As individuals and businesses we are going through challenging times on personal and professional levels, and more challenging times are ahead of us as we need to cope with uncertainty and threats touching all aspects of our lives, and survive the crisis physically and financially healthy.

HR professionals need to plan a survival with multiple facets; they don’t only plan and execute a survival strategy for themselves and their families but all the employees -and their families- working for the company. What are their biggest challenges in this crisis management?

Business continuity is the essential challenge. The show must go on… but how? Business continuity plans need to be in place detailing objectives, priorities, limitations, and strategies in case of unavailable resources. What if the workplace is temporarily closed, are there alternative plans to continue production? If the equipment is unavailable or technicians are absent, what is the policy? What is the backup for the disruption of third party services? Any in-house backup? What about data and IT services? 

One of the biggest challenges is effective change management. With Covid-19 crisis, we are talking about constant change as most of the time changes are implemented short-term and iterated in a few weeks depending on the needs of the company, workforce and workplace. Work is done remotely by a workforce of full-timers, contractors, free-lancers and others, of which all require a different level of reporting and managing. To effectively manage all these actors and get things done in the middle of constant change.

Of course, as in any crisis management, having a clear communication from CEO to the entry-job or blue-collar levels is critical. Workers need to know what’s ahead as of today. Today they’re not losing their jobs, today they have to work even harder to provide for themselves and their family but the company is supporting them. Noone knows what tomorrow will bring. Everyone should take one step at a time and navigate uncertainty based on an employer-employee mutual trust. To build this trust, the workplace should set a Covid-19 policy and communicate it in detail with all the employees. Employee safety and health should be paramount and all concerns coming from employees should be heard and addressed.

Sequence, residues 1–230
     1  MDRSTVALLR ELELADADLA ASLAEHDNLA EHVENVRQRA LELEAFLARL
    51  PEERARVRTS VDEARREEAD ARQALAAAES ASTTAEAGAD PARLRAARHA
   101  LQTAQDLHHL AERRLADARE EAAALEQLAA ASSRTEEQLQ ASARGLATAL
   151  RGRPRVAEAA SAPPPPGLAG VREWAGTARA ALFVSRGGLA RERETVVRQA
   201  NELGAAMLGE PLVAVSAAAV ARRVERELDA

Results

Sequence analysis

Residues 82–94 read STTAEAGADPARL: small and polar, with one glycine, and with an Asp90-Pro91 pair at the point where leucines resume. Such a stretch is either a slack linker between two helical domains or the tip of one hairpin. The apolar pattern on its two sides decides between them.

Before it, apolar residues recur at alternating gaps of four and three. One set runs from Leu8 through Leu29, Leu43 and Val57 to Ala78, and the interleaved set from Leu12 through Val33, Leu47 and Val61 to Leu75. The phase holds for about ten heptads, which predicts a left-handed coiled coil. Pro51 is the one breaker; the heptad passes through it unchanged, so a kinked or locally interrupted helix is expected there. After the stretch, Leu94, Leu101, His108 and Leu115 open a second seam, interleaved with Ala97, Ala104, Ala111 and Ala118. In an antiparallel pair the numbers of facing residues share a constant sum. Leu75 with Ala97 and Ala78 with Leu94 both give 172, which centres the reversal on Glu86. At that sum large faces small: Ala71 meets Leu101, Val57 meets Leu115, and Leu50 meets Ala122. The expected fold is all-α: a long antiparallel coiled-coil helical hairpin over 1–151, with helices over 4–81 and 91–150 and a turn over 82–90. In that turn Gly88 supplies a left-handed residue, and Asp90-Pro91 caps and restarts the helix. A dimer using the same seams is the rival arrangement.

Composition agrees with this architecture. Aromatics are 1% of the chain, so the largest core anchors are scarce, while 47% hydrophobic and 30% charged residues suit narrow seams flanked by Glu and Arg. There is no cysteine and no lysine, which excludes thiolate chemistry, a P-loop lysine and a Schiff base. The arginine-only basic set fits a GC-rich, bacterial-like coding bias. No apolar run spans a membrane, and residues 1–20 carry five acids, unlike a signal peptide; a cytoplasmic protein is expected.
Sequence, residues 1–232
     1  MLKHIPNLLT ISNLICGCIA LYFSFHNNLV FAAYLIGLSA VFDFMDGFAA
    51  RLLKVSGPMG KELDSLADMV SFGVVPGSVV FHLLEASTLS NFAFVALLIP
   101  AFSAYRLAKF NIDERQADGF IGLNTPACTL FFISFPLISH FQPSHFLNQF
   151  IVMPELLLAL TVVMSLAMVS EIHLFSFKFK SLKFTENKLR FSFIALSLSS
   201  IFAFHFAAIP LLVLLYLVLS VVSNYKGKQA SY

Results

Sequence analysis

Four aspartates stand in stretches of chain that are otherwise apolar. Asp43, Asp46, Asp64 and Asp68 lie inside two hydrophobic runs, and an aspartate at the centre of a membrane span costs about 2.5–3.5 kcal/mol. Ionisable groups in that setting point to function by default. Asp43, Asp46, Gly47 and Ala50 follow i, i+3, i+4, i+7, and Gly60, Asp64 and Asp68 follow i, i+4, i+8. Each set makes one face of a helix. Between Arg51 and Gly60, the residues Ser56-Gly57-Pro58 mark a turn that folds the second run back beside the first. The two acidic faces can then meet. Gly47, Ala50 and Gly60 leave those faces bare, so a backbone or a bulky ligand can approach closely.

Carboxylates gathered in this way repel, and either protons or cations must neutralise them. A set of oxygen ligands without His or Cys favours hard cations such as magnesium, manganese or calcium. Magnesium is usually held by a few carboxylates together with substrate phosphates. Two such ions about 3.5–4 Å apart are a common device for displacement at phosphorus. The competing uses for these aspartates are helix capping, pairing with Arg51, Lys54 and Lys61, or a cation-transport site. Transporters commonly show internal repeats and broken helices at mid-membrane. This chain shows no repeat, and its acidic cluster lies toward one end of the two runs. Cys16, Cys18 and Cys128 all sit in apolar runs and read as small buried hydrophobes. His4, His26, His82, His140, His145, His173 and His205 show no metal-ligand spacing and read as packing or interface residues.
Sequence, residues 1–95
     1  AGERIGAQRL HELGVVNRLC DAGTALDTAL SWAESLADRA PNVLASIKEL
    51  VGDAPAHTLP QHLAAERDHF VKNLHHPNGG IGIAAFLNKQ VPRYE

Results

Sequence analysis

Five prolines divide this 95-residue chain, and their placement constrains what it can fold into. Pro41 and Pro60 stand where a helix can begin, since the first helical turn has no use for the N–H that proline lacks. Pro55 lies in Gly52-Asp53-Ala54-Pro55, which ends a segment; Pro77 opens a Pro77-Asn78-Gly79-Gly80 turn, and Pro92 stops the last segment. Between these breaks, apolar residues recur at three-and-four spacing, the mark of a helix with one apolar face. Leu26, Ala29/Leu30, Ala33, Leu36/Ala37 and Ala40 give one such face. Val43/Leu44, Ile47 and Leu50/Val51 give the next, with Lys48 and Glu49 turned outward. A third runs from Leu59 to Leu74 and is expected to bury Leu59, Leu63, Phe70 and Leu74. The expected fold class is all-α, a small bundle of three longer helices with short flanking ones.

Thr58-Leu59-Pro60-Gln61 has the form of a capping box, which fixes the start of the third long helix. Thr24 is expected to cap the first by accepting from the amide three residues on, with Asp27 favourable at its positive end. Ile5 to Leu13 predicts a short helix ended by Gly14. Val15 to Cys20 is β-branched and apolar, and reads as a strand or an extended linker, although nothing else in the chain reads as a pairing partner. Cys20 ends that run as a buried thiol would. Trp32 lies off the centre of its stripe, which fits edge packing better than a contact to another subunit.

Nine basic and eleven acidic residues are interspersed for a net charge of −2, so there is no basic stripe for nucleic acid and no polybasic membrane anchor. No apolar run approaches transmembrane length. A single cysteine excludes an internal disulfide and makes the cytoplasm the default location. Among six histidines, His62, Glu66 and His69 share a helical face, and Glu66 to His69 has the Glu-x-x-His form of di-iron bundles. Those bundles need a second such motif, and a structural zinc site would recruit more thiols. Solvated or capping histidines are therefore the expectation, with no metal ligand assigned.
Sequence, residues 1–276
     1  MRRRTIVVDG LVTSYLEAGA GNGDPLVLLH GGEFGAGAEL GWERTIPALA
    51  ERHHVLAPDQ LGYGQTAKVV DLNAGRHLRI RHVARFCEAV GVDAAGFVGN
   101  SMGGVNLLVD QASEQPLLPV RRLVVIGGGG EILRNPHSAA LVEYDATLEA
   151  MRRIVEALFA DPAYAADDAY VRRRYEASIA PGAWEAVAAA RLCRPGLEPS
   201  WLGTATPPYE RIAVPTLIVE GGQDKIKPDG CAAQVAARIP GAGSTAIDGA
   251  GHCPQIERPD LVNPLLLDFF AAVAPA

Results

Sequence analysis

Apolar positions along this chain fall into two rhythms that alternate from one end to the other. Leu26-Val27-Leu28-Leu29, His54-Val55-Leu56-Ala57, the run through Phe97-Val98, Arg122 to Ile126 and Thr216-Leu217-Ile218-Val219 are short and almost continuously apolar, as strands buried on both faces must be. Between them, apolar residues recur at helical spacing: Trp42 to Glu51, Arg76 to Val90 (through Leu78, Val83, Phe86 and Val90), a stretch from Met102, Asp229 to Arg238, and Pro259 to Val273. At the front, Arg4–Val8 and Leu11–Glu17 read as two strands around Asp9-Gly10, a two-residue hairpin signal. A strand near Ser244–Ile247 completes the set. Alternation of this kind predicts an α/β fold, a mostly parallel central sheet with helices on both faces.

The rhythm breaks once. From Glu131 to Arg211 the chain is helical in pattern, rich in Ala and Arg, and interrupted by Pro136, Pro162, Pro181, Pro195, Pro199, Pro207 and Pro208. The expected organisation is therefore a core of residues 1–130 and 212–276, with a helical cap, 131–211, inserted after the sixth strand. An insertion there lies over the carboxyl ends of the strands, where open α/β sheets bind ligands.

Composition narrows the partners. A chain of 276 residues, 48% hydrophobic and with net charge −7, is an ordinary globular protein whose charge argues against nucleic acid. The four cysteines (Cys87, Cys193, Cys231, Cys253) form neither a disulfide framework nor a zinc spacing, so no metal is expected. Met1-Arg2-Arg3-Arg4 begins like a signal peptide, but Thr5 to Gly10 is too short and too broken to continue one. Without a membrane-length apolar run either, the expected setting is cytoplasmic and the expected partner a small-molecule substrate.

Amazon is a retail business whose operations, including essential services, groceries and health related items, continued almost uninterruptedly during the Covid-19 crisis. The tech giant was closely watched and challenged in terms of employee safety in Europe and the US. The company allowed its warehouse workers who fear to contract the virus to take extended leave till May 1. Since then, Amazon has implemented protective measures in its warehouses such as putting on protective gears and regular temperature checks.

According to a BBC article, Amazon is introducing a new technology to keep its warehouse employees safe at work, including a wearable device that alerts staff of social distancing violations. Another Amazon technology, Distant Assistant will utilize visual overlays on a screen to show how close people are to each other. The required distance will be shown as green circles while close distance will be signaled with red circles.  Machine learning will be used to differentiate people from their surroundings and, combined with depth sensors, will create an accurate distance measure.

Amazon recently followed other tech companies such Facebook, Google and Twitter to extend the corporate workers work-from-home period till January 2021. Those Amazonians who can work from home will be able to do so.

Tech or non-tech, all businesses are in the same boat to survive Covid-19. Business continuity, crisis management, safety measures, changing environment of the workforce are in the agenda of all businesses from SME to enterprise levels. Every company will need to figure out their own formula of business continuity, safety, digitization and workforce management.

Ela EROZAN GÜRSEL